The show was, as always, performed with the perfect blend of impressive commitment to writing and acting mixed with just the right amount of charming amateurishness and held together with Fulks' sharp wit and voracious intelligence. It mixed the wit of a great club show with the intimacy of a family gathering. In fact, the only slight disappointment was when Robbie announced that this year there would be no "Rap of the Dead". To be fair, he did another credible white boy rap about the north suburbs called "North Shore Ain't Bullshitting" which had more than a few sidesplitting lines. But anyone whose witnessed Robbie riffing of notable deaths of the past year for eight minutes knows that there is no substitute. May it return in 2012.

Picking up for the second half of the set, you might think that the band's acting aside would have killed momentum or drained energy. You would wrong.

The audience, perhaps unusually energetic due to the lack of an opener to work up a buzz to, perhaps just feeding off the good vibes, threw themselves into the songs with even greater zeal than earlier as if trying to make the room's collective energy stretch the show out as long as possible. Bassist Mike Hendrickson sung his original "Wouldn't It Be Wonderful" which, propelled by pummeling floor toms and his Everly Brothers-esque duet with Robbie, was one of the evening's highlights. Not to be topped, Robbie gave us another six string acoustic showcase with "I Wana Be Mama'd" and closed things out with the so-simple-it's-genius heartland anthem "Let's Kill Saturday Night".

As soon as the last D chord stopped ringing, it was clear that Fitzgerald's would be getting an encore and the band obliged with "Donna On My Mind" and the "Marie Provost"-aping favorite off of Country Love Songs, "She Took A Lot Of Pills (And Died)". But this offering wasn't enough, and even as the house lights starting to tentatively go up, Fitzgerald's demanded more. Fulks came out to "Shake Rattle and Roll" which kept everyone moving before saying to the rest of the band something like "guess we'll have to play some of our wedding stuff". The aging Gen-Xers (and yours truly) went nuts when he launched into the Violent Femmes' "Blister In The Sun", shouting along to the chorus, then, finally exhausted themselves dancing to a loose and happy version of "I Saw Her Standing There".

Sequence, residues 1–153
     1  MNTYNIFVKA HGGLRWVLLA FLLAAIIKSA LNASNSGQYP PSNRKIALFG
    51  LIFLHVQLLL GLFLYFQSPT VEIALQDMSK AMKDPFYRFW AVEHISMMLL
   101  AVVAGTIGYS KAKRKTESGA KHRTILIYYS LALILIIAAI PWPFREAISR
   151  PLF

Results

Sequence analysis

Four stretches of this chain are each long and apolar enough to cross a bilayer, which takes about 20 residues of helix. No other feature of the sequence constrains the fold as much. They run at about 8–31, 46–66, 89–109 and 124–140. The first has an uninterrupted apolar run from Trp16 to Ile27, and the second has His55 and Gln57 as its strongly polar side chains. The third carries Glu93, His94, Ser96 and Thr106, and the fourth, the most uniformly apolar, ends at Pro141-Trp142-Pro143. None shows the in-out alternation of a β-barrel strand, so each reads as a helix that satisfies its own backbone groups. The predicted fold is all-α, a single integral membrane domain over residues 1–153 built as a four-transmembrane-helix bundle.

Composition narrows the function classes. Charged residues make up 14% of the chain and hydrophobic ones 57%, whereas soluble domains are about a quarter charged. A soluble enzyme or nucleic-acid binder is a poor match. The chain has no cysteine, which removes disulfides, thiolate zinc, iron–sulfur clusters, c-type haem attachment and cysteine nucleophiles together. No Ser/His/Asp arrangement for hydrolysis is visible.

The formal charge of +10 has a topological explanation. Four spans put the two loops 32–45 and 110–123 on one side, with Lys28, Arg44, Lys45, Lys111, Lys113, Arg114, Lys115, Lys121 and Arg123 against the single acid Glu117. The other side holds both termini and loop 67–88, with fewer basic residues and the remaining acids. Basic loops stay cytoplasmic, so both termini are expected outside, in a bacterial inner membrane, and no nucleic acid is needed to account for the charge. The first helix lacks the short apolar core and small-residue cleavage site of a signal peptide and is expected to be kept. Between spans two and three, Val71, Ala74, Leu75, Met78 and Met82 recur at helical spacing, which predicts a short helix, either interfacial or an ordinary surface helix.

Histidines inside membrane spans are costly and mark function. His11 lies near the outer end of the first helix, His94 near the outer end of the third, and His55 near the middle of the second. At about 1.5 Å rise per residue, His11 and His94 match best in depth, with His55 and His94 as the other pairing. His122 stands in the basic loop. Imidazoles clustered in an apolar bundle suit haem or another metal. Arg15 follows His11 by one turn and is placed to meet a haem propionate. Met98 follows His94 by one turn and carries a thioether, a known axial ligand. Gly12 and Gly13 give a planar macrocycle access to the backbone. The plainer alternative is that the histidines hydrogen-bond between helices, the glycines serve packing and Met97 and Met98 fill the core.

Chicago is lucky to have an artist like Robbie Fulks to entertain us. For $15 a ticket, he certainly doesn't have to spend a month and a half writing sketches and raps. He doesn't have to invent games and bring prizes for his audience and her certainly doesn't have to surround something like that with a rip-snortin' full band country rock concert. But every year he does it. He does it because it's fun, he does it because he can and I'll bet he does it because everyone in the show seems to have just as much, if not more fun than those of us who get to watch it. It's a unique experience at once polished and friendly, where the second you walk in, you feel like you've been let into this incredible secret club that's just dying to have you as a member.

Every year seems to go by faster and leave us with harder questions and fewer rewards than we want. The whole concept of "the year in review" tends to exacerbate this as we focus on the tragedies and often fail to register the moments of joy that sustain us. Fortunately, each year, Robbie Fulks is there to clean up, share a beer, have a laugh and remind everyone that as long as were smiling with friends and family, we're doing OK. It's a rare treat, so catch it while you can. I'll even spot you the fifteen bucks.

Goodbye, Cruel Girl
That's A Good Enough Reason
All You Can Cheat
Mad At A Girl
Parallel Bars
Cocktails [Bill Anderson]
Georgia Hard
I Push Right Over
Busy Not Crying
Wouldn't It Be Wonderful (Sung By Bill Hendrickson)
I Wanna Be Mama'd [Jimmie Logsdon]
Rock Bottom, Pop. 1
Let's Kill Saturday Night

Donna On My Mind [Billy Barton]
She Took A Lot Of Pills (And Died)

Second Encore
Shake, Rattle & Roll [Big Joe Turner]
Blister In The Sun [Violent Femmes]
I Saw Her Standing There [The Beatles]

Download Some Robbie Fulks!
Mad At A Girl   Buy Couples In Trouble
Cocktails  Buy 13 Hillbilly Giants
Good Enough Reason  Buy Revenge!